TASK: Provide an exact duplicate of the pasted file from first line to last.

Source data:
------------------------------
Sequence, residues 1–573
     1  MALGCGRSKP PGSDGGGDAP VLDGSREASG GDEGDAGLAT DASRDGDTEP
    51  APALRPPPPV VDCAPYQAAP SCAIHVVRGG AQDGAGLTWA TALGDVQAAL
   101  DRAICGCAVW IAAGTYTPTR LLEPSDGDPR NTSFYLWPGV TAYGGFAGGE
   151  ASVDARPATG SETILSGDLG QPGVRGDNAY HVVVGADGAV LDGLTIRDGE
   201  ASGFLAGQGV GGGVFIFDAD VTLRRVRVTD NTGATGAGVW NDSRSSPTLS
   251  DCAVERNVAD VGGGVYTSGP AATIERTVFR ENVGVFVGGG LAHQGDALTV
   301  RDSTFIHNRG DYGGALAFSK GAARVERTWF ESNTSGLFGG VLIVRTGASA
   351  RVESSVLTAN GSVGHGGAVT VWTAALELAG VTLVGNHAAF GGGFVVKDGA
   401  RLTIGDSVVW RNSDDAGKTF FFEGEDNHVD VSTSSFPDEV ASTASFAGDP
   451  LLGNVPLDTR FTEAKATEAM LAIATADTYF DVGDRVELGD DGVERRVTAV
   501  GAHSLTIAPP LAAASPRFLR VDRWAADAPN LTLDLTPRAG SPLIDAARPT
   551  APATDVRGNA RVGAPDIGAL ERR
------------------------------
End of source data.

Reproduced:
Sequence, residues 1–573
     1  MALGCGRSKP PGSDGGGDAP VLDGSREASG GDEGDAGLAT DASRDGDTEP
    51  APALRPPPPV VDCAPYQAAP SCAIHVVRGG AQDGAGLTWA TALGDVQAAL
   101  DRAICGCAVW IAAGTYTPTR LLEPSDGDPR NTSFYLWPGV TAYGGFAGGE
   151  ASVDARPATG SETILSGDLG QPGVRGDNAY HVVVGADGAV LDGLTIRDGE
   201  ASGFLAGQGV GGGVFIFDAD VTLRRVRVTD NTGATGAGVW NDSRSSPTLS
   251  DCAVERNVAD VGGGVYTSGP AATIERTVFR ENVGVFVGGG LAHQGDALTV
   301  RDSTFIHNRG DYGGALAFSK GAARVERTWF ESNTSGLFGG VLIVRTGASA
   351  RVESSVLTAN GSVGHGGAVT VWTAALELAG VTLVGNHAAF GGGFVVKDGA
   401  RLTIGDSVVW RNSDDAGKTF FFEGEDNHVD VSTSSFPDEV ASTASFAGDP
   451  LLGNVPLDTR FTEAKATEAM LAIATADTYF DVGDRVELGD DGVERRVTAV
   501  GAHSLTIAPP LAAASPRFLR VDRWAADAPN LTLDLTPRAG SPLIDAARPT
   551  APATDVRGNA RVGAPDIGAL ERR